Dry air, low precipitation, little soil moisture, and fluctuating temperatures are characteristics of fall and winter in many areas of Colorado. Often there is little or no snow cover to provide soil moisture from October through March. Trees, shrubs, and perennials under these conditions may be damaged if they do not receive supplemental water.
Plant Health Care
There are a wide variety of plant health care (PHC) programs available. Objectives of any PHC program is to increase the health and vigor of all you landscape plants (trees, shrubs, turfgrass, perennials). If the plant health is increased through the proper PHC program it can fight off many insect and disease problems on it's own. Chemicals controls can be used in situations where damage is significant, pest populations high, or tree value is significant. Always remember proactive tree care is far less expensive than reactive care.
Deep root fertilization
Trees and shrubs that are well nourished have better resistance to insects, disease, and drought. Tall Timbers provides a deep-root fertilizing program that can help keep your trees and shrubs healthier. Healthy trees and shrubs provide beauty, privacy and add value to your landscape.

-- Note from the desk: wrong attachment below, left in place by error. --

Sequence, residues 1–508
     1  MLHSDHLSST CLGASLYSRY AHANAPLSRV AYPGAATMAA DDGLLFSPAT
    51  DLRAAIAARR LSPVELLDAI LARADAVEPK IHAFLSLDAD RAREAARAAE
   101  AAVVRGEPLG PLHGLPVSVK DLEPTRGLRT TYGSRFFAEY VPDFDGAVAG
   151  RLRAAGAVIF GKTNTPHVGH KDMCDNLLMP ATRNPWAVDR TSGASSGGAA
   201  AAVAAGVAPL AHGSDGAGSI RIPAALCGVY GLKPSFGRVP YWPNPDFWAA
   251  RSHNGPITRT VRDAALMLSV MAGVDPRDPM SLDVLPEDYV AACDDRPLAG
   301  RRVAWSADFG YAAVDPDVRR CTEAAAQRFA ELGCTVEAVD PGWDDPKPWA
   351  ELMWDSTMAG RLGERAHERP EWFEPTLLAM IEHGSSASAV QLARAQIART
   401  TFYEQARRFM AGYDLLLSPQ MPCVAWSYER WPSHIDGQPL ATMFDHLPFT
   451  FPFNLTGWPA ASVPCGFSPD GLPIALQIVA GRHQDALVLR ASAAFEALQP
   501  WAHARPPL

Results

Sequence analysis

IPS and Mountain Pine Beetle Control
Mountain pine beetle (MPB) is native to the forests of western North America. Periodic outbreaks of the insect, previously called the Black Hills beetle or Rocky Mountain pine beetle, can result in losses of millions of trees. This treatment is best when done as a preventative spray and the best way to keep your pines healthy. Along with this pesticide treatment we recommend proper pruning and fertilization to increase the vigor of the tree.
General Insect Control
This is our most common insect treatment. General insect control refers to aphids, mites, and caterpillars. These insects feed on the foliage of the plant and can do significant damage if present in high populations. Tall Timbers can suppress these insects pretty quickly with mild chemical controls but several applications may be necessary throughout the year.
Oystershell scale is the most damaging scale insect present in Colorado. It develops on the bark of trunks and limbs of a wide range of commonly grown deciduous trees and shrubs, including aspen, ash, cotoneaster, poplars, willow and lilac.
Lilac/Ash Borer is a common wood borer in our urban forests. Damage is caused by the larvae which tunnel into the trunks and lower branches of ash trees. Activities that can relieve tree stresses, such as supplemental watering, fertilization, should be considered part of any PHC program for lilac/ash borer control.
Emerald Ash Borer Update
Emerald Ash Borer (EAB) was found in Boulder, CO, in September 2013. As a non-native insect, EAB lacks predators to keep it in check. EAB only attacks ash trees in the genus Fraxinus (so mountain ash are not susceptible).
Approximately 15% of the trees that make up Colorado's urban forest are ash. There are an estimated 98,000 in the city of Boulder alone. The Denver Metro area has an estimated 1.45 million ash trees. EAB is responsible for the death of millions of ash trees in the United States.
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